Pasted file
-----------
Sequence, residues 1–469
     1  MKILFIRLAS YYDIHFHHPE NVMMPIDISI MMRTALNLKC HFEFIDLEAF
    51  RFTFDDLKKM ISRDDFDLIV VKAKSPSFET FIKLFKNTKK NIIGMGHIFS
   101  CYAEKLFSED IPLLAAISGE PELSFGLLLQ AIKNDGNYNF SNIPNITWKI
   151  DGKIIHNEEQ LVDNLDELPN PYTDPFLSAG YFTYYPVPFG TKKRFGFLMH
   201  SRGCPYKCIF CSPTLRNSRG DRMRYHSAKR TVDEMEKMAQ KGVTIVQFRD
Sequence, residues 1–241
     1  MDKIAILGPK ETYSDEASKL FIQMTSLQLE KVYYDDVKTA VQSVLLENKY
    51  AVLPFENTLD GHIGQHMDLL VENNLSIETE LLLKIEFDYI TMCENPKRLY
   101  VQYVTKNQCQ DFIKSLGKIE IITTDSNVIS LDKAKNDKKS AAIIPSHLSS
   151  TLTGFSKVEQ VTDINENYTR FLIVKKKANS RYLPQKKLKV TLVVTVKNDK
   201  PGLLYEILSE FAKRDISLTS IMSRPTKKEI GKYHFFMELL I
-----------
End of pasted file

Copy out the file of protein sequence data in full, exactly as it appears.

Sequence, residues 1–469
     1  MKILFIRLAS YYDIHFHHPE NVMMPIDISI MMRTALNLKC HFEFIDLEAF
    51  RFTFDDLKKM ISRDDFDLIV VKAKSPSFET FIKLFKNTKK NIIGMGHIFS
   101  CYAEKLFSED IPLLAAISGE PELSFGLLLQ AIKNDGNYNF SNIPNITWKI
   151  DGKIIHNEEQ LVDNLDELPN PYTDPFLSAG YFTYYPVPFG TKKRFGFLMH
   201  SRGCPYKCIF CSPTLRNSRG DRMRYHSAKR TVDEMEKMAQ KGVTIVQFRD
Sequence, residues 1–241
     1  MDKIAILGPK ETYSDEASKL FIQMTSLQLE KVYYDDVKTA VQSVLLENKY
    51  AVLPFENTLD GHIGQHMDLL VENNLSIETE LLLKIEFDYI TMCENPKRLY
   101  VQYVTKNQCQ DFIKSLGKIE IITTDSNVIS LDKAKNDKKS AAIIPSHLSS
   151  TLTGFSKVEQ VTDINENYTR FLIVKKKANS RYLPQKKLKV TLVVTVKNDK
   201  PGLLYEILSE FAKRDISLTS IMSRPTKKEI GKYHFFMELL I